Trump Budget Requests $4.5 Billion To Deal With Illegal Immigration

Trump Budget Requests $4.5 Billion To Deal With Illegal Immigration

This is the budget that Democrats are having conniptions fits over, because it mostly requests big, big cuts. One thing they do not understand, as most of them have spent seemingly their whole lives in the un-reality of elected politics, is that the budget request is a starting point of a negotiation, much like when someone goes into a car dealer and trots out a massive lowball number while the dealer goes with sticker. There’s a compromise point there. And when it comes to illegal immigration, we get

(Mother Jones) While he’s still waiting for Mexico to agree to pay for his “big, beautiful” border wall, President Donald Trump is asking for $1.6 billion for, as Office of Management and Budget Director Mick Mulvaney put it, the barrier’s “bricks and mortar.” An unnamed source told CNN that the money requested in the newly released 2018 budget proposal would cover just a few dozen miles of wall.

The proposed wall spending represents a significant portion of the more than $4.5 billion the White House is requesting for immigration enforcement and a border protection package whose wish list ranges from communications equipment and surveillance technology to aircraft and weapons. It also includes $1.5 billion to expand its efforts to detain and deport undocumented immigrants, as well as $300 million to recruit, hire, and train 1,500 new immigration agents, a step toward Trump’s call to add 10,000 Immigration and Customs Enforcement (ICE) agents and 5,000 Customs and Border Protection agents. (According to CBP estimates, it would likely take as long as a decade to pull off hiring as many people as Trump wants, and it would have to ease the hiring standards to do so.)

Under Trump’s budget, the Department of Justice would get $7.2 million to hire 70 new prosecutors “to support an increase in immigration law enforcement” and focus on serious crimes committed by immigrants, as well as immigration-related offenses such as reentry after deportation. To help clear the years-long backlog in the immigration courts—there are currently 542,000 pending cases before 301 judges—the DOJ would also receive $75 million to hire 75 new immigration judges and support staff.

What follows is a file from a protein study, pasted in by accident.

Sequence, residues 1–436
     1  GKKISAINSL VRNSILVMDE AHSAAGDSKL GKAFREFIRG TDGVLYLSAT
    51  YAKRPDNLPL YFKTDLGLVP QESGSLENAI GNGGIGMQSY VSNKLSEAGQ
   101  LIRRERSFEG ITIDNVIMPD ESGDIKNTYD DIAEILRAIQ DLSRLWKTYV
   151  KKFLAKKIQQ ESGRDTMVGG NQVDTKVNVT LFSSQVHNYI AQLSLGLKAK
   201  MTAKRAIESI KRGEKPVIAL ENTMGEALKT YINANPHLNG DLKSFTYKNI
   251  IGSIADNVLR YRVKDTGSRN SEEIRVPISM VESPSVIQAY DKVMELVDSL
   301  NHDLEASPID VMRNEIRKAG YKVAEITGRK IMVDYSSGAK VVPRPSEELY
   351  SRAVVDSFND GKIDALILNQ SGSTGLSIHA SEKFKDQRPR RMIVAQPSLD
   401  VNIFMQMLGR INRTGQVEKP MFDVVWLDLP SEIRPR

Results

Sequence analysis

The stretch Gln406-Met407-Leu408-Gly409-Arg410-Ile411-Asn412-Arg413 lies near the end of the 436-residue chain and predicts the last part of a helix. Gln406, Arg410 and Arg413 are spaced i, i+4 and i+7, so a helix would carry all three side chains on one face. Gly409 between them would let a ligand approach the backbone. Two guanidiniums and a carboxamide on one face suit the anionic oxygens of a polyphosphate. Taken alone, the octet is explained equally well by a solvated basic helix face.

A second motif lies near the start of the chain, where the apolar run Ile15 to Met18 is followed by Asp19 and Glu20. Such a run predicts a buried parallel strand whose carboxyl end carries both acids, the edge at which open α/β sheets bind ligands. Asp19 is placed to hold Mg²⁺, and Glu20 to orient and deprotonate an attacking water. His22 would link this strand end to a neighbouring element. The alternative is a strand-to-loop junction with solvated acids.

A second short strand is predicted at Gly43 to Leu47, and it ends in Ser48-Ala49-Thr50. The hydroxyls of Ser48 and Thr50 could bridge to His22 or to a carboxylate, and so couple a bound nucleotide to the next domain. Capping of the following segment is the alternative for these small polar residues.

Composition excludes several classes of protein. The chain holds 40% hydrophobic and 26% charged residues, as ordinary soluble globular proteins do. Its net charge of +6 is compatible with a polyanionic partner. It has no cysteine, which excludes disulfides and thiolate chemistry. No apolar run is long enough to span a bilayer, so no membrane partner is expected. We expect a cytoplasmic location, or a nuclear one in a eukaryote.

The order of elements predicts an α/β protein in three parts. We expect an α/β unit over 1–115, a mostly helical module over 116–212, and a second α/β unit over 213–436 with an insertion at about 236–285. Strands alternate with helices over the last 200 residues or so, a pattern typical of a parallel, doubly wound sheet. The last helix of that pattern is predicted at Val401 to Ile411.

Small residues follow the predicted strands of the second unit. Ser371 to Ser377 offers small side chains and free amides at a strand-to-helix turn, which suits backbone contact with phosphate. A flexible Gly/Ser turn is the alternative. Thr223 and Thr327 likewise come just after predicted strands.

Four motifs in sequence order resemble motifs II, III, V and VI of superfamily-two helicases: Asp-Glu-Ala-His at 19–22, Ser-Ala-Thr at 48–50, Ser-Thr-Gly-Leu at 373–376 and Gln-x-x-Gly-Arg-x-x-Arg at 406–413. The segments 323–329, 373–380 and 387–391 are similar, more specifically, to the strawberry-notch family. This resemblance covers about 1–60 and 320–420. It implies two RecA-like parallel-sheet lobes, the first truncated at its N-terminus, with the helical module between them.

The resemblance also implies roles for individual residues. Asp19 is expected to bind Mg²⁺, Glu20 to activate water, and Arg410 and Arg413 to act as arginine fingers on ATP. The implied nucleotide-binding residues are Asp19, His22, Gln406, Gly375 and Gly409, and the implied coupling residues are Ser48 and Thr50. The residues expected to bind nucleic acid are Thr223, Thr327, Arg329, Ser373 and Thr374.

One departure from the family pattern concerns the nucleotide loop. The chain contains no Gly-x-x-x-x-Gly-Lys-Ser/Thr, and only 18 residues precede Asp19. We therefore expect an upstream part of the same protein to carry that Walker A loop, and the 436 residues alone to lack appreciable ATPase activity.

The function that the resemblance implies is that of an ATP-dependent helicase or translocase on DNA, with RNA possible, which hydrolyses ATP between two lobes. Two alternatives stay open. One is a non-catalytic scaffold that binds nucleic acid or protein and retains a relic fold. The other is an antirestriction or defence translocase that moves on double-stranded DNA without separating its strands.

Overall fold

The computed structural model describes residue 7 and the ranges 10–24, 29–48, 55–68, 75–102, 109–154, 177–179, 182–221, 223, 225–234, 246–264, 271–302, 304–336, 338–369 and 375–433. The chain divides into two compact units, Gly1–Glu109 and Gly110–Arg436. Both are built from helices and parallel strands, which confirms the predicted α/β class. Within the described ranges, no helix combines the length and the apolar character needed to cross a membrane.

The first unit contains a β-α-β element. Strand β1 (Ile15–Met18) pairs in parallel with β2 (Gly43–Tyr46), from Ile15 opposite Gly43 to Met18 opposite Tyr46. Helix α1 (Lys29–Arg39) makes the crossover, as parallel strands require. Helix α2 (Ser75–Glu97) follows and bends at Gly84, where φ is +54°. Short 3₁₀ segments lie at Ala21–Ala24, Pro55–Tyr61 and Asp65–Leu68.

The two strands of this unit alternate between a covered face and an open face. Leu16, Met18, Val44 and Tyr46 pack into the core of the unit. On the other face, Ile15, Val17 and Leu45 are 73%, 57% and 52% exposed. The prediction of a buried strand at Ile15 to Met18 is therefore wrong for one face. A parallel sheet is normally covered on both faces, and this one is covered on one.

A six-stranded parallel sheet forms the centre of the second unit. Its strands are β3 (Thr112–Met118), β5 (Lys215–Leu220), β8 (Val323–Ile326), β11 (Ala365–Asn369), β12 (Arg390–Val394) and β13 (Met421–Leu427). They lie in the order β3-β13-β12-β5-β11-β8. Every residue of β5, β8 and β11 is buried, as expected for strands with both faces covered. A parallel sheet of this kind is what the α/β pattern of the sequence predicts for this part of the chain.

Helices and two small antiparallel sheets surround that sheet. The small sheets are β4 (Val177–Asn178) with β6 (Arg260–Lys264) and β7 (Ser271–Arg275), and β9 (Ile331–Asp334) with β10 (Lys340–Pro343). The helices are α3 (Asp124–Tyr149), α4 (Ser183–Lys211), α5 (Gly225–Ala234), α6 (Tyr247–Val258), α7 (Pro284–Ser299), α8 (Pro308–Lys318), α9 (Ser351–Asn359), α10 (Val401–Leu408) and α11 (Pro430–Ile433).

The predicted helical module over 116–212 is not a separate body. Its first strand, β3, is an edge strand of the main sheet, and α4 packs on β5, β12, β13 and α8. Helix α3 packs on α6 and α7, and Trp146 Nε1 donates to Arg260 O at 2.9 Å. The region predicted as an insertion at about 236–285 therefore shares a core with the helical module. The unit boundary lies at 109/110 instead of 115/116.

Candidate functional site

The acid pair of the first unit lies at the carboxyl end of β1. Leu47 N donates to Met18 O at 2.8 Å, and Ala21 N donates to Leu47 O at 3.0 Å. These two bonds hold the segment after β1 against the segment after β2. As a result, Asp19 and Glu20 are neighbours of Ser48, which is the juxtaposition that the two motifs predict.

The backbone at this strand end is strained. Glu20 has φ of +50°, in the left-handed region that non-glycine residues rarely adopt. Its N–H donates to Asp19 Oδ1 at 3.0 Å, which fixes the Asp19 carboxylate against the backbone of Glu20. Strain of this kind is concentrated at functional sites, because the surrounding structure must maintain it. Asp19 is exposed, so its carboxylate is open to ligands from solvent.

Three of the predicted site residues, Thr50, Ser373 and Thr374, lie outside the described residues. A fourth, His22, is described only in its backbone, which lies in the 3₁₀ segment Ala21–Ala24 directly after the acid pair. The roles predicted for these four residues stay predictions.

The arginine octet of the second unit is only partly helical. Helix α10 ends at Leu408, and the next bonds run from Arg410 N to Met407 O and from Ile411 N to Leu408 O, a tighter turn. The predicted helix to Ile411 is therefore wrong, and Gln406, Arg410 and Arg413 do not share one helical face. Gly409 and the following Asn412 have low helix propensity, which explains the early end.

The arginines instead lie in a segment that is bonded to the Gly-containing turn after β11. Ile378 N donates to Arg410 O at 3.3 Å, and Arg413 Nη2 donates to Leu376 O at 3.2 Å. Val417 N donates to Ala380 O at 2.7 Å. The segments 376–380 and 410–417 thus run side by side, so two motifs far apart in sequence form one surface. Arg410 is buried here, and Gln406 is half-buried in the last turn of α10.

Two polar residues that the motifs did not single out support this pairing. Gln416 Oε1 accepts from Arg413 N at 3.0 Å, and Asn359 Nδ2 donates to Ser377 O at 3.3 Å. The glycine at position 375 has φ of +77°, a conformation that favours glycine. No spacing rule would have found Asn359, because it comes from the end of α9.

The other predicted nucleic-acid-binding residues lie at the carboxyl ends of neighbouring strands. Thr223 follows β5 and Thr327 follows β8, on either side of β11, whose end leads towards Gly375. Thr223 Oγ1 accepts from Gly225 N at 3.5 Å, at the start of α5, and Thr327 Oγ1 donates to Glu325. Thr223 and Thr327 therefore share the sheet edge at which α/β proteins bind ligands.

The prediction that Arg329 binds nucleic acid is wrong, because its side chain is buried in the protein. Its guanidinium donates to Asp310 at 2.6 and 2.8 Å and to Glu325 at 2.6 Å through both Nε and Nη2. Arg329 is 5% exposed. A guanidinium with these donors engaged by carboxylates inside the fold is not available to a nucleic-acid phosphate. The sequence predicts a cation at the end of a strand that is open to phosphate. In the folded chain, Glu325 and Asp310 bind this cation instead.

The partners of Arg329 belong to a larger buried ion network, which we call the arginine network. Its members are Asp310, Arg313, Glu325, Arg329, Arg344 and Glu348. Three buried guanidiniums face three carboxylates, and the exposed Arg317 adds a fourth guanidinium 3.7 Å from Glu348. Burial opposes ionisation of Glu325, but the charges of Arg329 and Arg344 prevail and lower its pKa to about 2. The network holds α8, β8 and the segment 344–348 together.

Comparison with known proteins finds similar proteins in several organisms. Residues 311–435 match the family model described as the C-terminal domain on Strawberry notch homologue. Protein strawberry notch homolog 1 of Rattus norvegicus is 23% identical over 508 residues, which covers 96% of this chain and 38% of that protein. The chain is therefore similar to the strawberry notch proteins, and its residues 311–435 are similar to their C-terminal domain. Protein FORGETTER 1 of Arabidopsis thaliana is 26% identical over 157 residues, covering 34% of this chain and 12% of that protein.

This is the type of information that sends supporters of people who are unlawfully present into apoplexy, bur, for the rest of us who are tired of illegal aliens

The budget, as we see at Politico, also goes after sanctuary cities, by requesting that Homeland Security funding is denied to those cities that ignore detainers.

One thing he’s missing in the budget request is on illegal overstayes

(Washington Times) The nexus of illegal immigration into the U.S. has shifted away from the southwest border and into the country’s air and sea ports, where more than 54 million visitors checked in last year — and nearly 630,000 of them didn’t go home, according to new numbers released Monday.

Known as visa overstays, the visitors present a different challenge than the border crossers, and one that Homeland Security officials are still trying to figure out how to handle.

Quite a few of these were overstays by students, and most were long term overstays. It might be worthwhile for immigration enforcement to initiate a crackdown, putting those illegals on notice.

Crossed at Pirate’s Cove. Follow me on Twitter @WilliamTeach.

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